To Make The Dough In A Food Processor: stir the sour cream and 1/3 cup ice water together in a small bowl; set aside. Put the flour, cornmeal, sugar, and salt in the work of a processor fitted with the metal blade; pulse to combine. Drop the butter pieces into the bowl and pulse 8 to 10 times or until the mixture is speckled with pieces of butter that vary in size from bread crumbs to peas. With the machine running, add the sour cream mixture and process just until the dough forms soft, moist curds.

Chilling The Dough: Remove the dough from the processor, divide it in half, and press each half into a disk. Wrap in plastic and chill for at least 2 hours.

Storing: the dough can be kept in the refrigerator for a day or two, or it can be wrapped airtight and frozen for a month. Thaw, still wrapped, in the refrigerator. It is convenient to roll the dough into rounds, place parchment between each round, and freeze them wrapped in plastic; this way you'll need only about 20 minutes to defrost a round of dough at room temperature before it can be filled, folded into a Galette, and baked.

Berry Galette

Makes 4 To 6 Servings

This, as heirloom cookbooks used to say, is a keeper. It is so simple and inviting and so enjoyable to construct that you'll find yourself turning to it frequently. It's called a Galette because it's flat, open-faced and free-form - - the crust is rolled into a circle, the filling is piled in the center, and the edges of the crust are turned in and ruffled. The filling can be mixed berries, as suggested here (if you include strawberries, don't include many, as they're too watery), peeled soft fruits, like peaches or apricots, or, in fall and winter, tart apples or sweet pears.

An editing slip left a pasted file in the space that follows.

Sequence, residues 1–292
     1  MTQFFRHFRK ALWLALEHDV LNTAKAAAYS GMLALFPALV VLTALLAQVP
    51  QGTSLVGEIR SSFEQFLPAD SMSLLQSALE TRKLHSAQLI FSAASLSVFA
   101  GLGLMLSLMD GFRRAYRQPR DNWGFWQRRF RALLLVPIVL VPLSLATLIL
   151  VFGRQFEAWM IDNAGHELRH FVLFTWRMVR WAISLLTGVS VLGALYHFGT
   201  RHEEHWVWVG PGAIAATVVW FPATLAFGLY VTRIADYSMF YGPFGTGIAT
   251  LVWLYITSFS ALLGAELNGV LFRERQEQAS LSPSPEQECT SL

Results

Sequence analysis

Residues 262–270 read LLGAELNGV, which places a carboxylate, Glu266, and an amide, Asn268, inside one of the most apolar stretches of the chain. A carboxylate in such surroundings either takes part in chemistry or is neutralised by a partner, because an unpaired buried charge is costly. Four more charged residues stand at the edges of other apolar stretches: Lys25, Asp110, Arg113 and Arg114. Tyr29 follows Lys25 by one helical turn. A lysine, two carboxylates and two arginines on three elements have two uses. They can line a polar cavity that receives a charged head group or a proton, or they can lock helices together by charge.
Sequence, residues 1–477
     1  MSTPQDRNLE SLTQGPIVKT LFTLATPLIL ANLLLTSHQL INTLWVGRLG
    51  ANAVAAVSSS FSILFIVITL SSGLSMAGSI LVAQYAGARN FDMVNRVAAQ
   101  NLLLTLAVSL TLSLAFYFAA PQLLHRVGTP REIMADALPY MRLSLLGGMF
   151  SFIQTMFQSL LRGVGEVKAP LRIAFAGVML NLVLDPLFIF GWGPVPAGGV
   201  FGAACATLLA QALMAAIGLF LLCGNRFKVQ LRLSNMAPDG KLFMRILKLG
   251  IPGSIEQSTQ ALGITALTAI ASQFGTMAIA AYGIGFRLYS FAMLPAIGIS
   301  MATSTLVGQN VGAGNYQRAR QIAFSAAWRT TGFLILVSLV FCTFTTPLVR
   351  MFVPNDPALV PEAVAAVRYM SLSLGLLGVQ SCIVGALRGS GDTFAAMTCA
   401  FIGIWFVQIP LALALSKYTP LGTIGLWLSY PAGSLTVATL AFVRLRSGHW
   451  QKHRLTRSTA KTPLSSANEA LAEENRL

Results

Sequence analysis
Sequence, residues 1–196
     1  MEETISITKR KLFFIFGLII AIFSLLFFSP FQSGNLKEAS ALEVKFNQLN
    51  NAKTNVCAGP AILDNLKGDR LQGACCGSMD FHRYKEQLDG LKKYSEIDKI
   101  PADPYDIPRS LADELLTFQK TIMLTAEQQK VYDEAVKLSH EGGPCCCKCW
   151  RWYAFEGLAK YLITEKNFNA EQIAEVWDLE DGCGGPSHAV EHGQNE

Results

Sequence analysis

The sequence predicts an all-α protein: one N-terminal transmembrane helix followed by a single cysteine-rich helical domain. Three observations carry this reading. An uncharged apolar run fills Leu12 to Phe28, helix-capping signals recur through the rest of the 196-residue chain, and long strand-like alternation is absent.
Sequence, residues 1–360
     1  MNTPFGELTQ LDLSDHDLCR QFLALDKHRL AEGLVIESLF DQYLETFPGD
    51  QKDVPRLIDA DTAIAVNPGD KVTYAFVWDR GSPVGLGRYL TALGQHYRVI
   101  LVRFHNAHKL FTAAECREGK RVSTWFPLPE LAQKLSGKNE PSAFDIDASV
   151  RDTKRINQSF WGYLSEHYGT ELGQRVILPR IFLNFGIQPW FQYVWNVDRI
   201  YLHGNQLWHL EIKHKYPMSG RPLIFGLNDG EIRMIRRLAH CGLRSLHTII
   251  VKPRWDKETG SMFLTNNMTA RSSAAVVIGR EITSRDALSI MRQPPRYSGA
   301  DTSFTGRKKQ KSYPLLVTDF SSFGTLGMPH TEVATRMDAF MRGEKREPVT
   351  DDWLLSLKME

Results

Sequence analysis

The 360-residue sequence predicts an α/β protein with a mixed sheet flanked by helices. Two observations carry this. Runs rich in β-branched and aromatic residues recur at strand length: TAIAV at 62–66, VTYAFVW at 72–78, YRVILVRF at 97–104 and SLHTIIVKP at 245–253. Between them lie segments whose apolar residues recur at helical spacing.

1/2 recipe Galette Dough, chilled
1 1/2 cups mixed berries (or cut-up peeled fruit)
1 tablespoon plus 1 teaspoon sugar
1 tablespoon honey (optional)
1 tablespoon cold unsalted butter

Position a rack in the lower third of the oven and preheat the oven to 400. Line a baking sheet with parchment paper.

Put the dough on a lightly floured work surface and roll it into an 11-inch circle that's about 1/8 in. thick. Since the dough is soft, you'll need to lift it now and then and toss some more flour under it and over the top. Roll up the dough around your rolling pin and transfer it to the prepared baking sheet.

Spread the berries over the dough, leaving a 2-to 3- inch border. Sprinkle 1 tablespoon of the sugar over the fruit and drizzle on the honey, if you're using it. Cut the butter into slivers and scatter it on top of the fruit. Fold the uncovered border of dough up over the filling, allowing the dough to pleat as you lift it up and work your way around the Galette. (Because you're folding a wide edge of dough onto a smaller part of the circle, it will pleat naturally - - just go with it.) Dip a pastry brush in water, give the edge of the crust a light coating, and then sprinkle the crust with the remaining teaspoon of sugar.

Baking The Galette: Bake the Galette for 35 to 40 minutes, or until the pastry is golden and crisp. Transfer the baking sheet to a cooling rack and let the Galette rest on the sheet for 10 minutes. Slip a wide spatula or a small baking sheet under the Galette and slide it onto the cooling rack. Serve warm or at room temperature, cutting the tart with a pizza wheel or a sharp knife.

Storing: the Galette is best eaten the day it is made.